Tooling and Smoothing...

Discussion in 'Ancient Coins' started by ancient coin hunter, Oct 22, 2020.

  1. ancient coin hunter

    ancient coin hunter I dig ancient coins...

    I just bid on a Julio-Claudian sestertius in an upcoming auction (I won't name which one). Perplexing to me is that after making my bid (I am currently "winning" but probably won't be for long) I clicked on the details of the coin and found that it was described as "heavily tooled and smoothed" which was very disappointing.

    Should reputable auction houses even market these coins? I know there is a disclaimer but I also noted that there were no returns and also the winner will be subject to an 18% buyers' fee. To me, something about this is not kosher. Do you folks have any opinion on this practice?
     
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  3. hotwheelsearl

    hotwheelsearl Well-Known Member

    I mean, as long as they clearly disclose it I don’t think there’s anything necessarily wrong about it.
     
  4. Romancollector

    Romancollector Well-Known Member

    Wow...I was actually almost in the exact same predicament with a Julio Claudian sestertius, in an upcoming auction. Maybe we’re referring to the same coin? I was going to bid on it until I compared a picture of it from a previous auction. The previous picture lacked a few of the details that the current picture had. Then I checked the current listing and some of the modifications (not all) had been mentioned, but I’m not sure if this was mentioned initially. However, I suspect that I would have noticed this because I read listings thoroughly, and I’ve been eyeing this coin for a while. In any case, I found a beautiful substitute (albeit probably more expensive) which was previously slabbed and was not deemed to be tooled. The tooled coin in question, which already has bids on it, is not cheap (at least for me).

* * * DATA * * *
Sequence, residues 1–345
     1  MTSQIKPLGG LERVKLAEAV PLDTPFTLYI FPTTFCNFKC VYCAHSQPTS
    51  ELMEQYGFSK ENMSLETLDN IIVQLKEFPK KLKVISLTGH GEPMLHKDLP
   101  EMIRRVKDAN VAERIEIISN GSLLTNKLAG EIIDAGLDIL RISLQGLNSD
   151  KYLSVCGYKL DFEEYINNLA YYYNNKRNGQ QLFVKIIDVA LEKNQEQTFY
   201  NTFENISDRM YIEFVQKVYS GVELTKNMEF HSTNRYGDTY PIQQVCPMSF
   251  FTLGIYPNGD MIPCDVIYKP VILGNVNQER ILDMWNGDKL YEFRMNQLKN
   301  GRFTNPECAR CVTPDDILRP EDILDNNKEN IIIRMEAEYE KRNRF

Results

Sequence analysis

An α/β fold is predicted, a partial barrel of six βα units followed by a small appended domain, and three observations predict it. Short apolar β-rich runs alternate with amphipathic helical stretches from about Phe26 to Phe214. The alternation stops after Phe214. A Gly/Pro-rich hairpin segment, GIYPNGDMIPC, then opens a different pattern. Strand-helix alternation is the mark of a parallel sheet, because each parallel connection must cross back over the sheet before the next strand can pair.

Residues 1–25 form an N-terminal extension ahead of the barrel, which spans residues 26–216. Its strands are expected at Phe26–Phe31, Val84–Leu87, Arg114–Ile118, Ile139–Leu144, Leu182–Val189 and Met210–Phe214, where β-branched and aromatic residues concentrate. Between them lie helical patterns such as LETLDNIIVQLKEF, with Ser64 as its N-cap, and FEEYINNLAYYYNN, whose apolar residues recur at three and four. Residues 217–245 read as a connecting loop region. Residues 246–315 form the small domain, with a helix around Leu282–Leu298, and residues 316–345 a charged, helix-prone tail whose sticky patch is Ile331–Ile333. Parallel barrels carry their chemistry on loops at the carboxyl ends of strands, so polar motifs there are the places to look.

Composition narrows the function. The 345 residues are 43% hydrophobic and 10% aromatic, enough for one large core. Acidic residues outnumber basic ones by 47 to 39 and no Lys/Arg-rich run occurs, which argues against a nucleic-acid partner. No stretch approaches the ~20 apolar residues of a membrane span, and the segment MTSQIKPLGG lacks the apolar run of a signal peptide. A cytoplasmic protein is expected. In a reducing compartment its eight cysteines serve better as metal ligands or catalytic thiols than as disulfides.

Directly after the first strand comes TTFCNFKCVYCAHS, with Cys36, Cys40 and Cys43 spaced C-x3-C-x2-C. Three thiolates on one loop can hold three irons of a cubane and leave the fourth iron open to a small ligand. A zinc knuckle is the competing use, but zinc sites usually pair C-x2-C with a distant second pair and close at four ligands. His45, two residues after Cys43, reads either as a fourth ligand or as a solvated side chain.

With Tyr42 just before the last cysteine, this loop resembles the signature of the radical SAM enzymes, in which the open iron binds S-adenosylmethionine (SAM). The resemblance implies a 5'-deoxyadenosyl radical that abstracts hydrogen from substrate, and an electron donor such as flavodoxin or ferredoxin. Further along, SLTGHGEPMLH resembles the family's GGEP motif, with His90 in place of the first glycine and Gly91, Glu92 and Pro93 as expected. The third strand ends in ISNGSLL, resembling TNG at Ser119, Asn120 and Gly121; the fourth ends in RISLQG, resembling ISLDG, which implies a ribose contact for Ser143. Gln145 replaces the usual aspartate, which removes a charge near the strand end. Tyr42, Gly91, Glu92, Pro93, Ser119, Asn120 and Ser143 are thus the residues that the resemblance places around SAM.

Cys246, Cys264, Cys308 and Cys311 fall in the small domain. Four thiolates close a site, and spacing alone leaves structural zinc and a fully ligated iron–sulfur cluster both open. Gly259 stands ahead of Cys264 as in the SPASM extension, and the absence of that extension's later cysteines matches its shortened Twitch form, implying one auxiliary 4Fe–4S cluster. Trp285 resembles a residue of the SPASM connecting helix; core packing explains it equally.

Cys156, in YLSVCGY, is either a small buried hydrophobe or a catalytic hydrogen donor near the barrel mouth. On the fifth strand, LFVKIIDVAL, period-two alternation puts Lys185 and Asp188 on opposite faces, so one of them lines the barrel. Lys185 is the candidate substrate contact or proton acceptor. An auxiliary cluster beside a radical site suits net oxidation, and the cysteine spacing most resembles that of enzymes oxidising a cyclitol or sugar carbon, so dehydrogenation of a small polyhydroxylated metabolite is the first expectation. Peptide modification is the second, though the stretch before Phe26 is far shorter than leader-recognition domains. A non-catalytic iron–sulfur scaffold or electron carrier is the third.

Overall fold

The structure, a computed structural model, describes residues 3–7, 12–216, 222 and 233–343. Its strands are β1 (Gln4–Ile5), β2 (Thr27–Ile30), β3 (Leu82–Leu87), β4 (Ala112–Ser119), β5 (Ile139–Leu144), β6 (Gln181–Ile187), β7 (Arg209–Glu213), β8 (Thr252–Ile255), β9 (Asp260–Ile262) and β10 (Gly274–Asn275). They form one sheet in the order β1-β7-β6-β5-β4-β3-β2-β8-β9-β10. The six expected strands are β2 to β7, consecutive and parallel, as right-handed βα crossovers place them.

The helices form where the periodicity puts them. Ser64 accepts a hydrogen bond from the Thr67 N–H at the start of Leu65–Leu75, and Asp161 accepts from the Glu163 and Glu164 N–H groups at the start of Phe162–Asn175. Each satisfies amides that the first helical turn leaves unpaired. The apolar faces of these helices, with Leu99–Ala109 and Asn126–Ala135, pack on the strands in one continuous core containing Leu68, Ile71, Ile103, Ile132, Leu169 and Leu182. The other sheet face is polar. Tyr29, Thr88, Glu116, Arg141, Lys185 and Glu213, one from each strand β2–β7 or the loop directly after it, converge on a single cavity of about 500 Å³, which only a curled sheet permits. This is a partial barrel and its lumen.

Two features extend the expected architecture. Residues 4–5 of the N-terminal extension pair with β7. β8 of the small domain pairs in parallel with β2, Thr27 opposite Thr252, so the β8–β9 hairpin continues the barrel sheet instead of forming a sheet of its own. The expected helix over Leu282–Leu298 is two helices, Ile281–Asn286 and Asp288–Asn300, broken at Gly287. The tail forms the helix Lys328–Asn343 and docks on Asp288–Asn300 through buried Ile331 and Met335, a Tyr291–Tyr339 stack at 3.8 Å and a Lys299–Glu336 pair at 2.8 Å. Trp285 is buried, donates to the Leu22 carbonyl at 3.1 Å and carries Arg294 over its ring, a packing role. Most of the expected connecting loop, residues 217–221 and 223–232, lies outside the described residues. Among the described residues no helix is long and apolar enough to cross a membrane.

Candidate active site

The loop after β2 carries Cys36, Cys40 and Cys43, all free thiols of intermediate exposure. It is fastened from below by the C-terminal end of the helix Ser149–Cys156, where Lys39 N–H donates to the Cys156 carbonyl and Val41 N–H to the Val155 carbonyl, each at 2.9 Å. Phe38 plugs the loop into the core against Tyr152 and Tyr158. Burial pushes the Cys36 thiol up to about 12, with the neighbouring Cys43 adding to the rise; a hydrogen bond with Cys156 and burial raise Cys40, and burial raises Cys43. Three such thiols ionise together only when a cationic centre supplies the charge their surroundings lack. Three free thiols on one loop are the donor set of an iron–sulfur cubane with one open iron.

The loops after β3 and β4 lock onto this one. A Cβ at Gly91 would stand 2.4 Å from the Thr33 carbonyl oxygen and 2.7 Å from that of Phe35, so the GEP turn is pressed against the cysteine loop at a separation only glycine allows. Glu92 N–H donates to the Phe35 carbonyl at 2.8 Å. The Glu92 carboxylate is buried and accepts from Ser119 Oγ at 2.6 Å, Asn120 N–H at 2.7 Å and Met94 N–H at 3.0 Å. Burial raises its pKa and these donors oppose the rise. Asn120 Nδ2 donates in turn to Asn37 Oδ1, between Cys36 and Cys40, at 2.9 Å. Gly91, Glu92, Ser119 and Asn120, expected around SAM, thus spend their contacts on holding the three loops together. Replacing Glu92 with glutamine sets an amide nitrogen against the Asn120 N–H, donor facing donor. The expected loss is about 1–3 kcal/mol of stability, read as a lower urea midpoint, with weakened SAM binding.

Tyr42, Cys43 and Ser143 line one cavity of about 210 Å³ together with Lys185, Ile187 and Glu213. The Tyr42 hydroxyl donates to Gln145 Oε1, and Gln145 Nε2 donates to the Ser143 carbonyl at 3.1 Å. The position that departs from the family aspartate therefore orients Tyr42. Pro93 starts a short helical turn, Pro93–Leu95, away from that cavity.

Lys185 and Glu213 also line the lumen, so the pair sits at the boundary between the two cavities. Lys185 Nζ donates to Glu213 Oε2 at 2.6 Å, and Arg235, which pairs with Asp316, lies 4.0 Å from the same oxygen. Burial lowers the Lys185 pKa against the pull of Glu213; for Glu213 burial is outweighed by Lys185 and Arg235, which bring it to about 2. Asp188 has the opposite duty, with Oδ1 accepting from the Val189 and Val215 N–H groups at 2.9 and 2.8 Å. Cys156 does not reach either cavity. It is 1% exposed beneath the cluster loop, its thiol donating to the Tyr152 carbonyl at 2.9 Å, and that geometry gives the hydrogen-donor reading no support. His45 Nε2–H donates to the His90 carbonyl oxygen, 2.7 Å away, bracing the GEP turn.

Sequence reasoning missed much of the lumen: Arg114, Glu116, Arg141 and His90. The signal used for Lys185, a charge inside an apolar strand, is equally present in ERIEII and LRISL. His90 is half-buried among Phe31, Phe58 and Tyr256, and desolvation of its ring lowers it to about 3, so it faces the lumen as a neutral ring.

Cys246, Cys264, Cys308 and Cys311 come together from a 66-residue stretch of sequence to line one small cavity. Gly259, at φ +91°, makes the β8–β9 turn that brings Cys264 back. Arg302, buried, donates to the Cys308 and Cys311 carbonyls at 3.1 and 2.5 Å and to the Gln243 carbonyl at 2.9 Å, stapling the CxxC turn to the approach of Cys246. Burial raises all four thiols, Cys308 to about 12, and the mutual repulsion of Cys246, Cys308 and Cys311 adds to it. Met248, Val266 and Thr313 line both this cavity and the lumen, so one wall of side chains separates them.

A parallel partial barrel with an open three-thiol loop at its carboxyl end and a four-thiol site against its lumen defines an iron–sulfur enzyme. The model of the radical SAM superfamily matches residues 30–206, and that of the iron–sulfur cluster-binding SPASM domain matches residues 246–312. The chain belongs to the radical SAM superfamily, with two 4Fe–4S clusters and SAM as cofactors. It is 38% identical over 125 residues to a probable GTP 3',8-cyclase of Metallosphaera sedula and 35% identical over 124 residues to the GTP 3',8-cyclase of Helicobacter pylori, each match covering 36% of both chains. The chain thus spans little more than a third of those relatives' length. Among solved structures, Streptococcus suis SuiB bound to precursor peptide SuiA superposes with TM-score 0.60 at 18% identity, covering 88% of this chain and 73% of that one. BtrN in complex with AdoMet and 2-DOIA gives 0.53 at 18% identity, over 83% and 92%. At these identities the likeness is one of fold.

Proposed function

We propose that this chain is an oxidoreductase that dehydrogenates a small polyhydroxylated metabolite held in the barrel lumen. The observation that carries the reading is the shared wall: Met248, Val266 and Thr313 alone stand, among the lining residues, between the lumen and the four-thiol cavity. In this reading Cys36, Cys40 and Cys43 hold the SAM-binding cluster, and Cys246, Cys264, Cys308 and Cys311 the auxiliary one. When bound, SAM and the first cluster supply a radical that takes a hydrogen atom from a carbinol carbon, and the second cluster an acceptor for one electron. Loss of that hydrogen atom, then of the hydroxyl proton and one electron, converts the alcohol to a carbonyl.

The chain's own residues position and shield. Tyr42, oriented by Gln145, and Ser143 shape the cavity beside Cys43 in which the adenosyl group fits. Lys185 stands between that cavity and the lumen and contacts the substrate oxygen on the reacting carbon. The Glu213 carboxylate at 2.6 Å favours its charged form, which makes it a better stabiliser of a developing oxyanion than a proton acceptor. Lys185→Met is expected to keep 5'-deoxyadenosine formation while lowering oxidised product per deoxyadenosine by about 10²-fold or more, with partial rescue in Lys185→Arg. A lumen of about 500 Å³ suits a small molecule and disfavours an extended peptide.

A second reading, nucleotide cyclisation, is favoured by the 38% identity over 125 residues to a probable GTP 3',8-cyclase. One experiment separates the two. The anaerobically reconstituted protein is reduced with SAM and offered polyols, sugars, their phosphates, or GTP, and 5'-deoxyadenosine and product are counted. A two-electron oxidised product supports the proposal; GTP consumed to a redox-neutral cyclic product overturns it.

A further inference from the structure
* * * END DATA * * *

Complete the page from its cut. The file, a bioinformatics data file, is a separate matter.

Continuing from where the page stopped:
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  5. Sulla80

    Sulla80 one coin at a time Supporter

    There are many reasons to read carefully the description before bidding. For me, not an issue as long as clearly disclosed.
     
  6. Ocatarinetabellatchitchix

    Ocatarinetabellatchitchix Supporter! Supporter

    I'm asking myself for many years how it is possible auction houses present in their sales that kind of coin. The answer is: there is a market for it. Some collectors don't care to buy something that had been altered. I'm not one of them but I respect those guys.The important thing for me is the honesty of the seller; the coins have to be clearly described as "smoothed" or "tooled". I even sometimes saw coins at FORVM with the description "tooled" and that's ok with me as long as it's crystal clear the piece had been retouched.
     
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  7. ancient coin hunter

    ancient coin hunter I dig ancient coins...

    I suppose if one really wants an example of a specific coin and knows it is authentic (but tooled and this is disclosed up front) then it is OK. If there is indeed a market for such coins (which probably can be acquired for less than a pristine example) then I suppose we're just letting the free market mechanism work. I guess it's also true that some people see Paduans as historical and collectible even if they are Renaissance era forgeries.
     
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  8. +VGO.DVCKS

    +VGO.DVCKS Well-Known Member

    ...For someone who finds the big, predominantly European auction sites kind of daunting in the first place, there's another factor to consider. ...Wish you could stop me in time, but, Economics. Call me naive (...and you'd be right), but at the operant prices, What are these people even Doing, Touching this stuff?
    ...From here, putting the (limited) details in the 'small print' of any given listing just smells, hmm, kind of underhanded. ...Unless I'm just living in the wrong world....
     
  9. Ryro

    Ryro They call me the 13th Caesar Supporter

  10. PlanoSteve

    PlanoSteve Supporter! Supporter

    As long as the "reputable" auction house discloses the "issues", I don't see why they should deprive certain collectors from obtaining certain specimens. A big issue is that many times someone will see something that attracts them, get unexpectedly excited, & spontaneously bid before reading the full description (come on now, we've all done this :D) - and this happens a lot.